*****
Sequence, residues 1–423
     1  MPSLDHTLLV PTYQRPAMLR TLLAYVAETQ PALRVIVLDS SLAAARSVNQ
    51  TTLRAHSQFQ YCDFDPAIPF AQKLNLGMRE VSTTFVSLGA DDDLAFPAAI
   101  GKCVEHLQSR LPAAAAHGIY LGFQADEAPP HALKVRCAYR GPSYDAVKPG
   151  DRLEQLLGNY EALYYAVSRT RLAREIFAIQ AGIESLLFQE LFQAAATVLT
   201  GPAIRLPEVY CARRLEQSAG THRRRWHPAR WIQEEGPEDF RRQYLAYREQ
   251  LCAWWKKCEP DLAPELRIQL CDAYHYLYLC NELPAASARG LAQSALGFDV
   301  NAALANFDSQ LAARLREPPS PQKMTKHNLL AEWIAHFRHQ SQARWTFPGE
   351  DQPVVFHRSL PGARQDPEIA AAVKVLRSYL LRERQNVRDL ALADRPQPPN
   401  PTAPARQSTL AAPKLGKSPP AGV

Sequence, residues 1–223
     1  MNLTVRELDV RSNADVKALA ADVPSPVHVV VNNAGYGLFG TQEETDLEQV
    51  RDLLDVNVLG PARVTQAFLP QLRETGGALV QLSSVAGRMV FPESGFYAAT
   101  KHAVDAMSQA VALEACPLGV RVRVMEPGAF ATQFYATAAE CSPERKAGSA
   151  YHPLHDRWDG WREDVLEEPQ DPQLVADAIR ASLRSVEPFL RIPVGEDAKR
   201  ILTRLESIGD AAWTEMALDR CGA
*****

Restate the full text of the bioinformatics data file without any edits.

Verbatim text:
Sequence, residues 1–423
     1  MPSLDHTLLV PTYQRPAMLR TLLAYVAETQ PALRVIVLDS SLAAARSVNQ
    51  TTLRAHSQFQ YCDFDPAIPF AQKLNLGMRE VSTTFVSLGA DDDLAFPAAI
   101  GKCVEHLQSR LPAAAAHGIY LGFQADEAPP HALKVRCAYR GPSYDAVKPG
   151  DRLEQLLGNY EALYYAVSRT RLAREIFAIQ AGIESLLFQE LFQAAATVLT
   201  GPAIRLPEVY CARRLEQSAG THRRRWHPAR WIQEEGPEDF RRQYLAYREQ
   251  LCAWWKKCEP DLAPELRIQL CDAYHYLYLC NELPAASARG LAQSALGFDV
   301  NAALANFDSQ LAARLREPPS PQKMTKHNLL AEWIAHFRHQ SQARWTFPGE
   351  DQPVVFHRSL PGARQDPEIA AAVKVLRSYL LRERQNVRDL ALADRPQPPN
   401  PTAPARQSTL AAPKLGKSPP AGV

Sequence, residues 1–223
     1  MNLTVRELDV RSNADVKALA ADVPSPVHVV VNNAGYGLFG TQEETDLEQV
    51  RDLLDVNVLG PARVTQAFLP QLRETGGALV QLSSVAGRMV FPESGFYAAT
   101  KHAVDAMSQA VALEACPLGV RVRVMEPGAF ATQFYATAAE CSPERKAGSA
   151  YHPLHDRWDG WREDVLEEPQ DPQLVADAIR ASLRSVEPFL RIPVGEDAKR
   201  ILTRLESIGD AAWTEMALDR CGA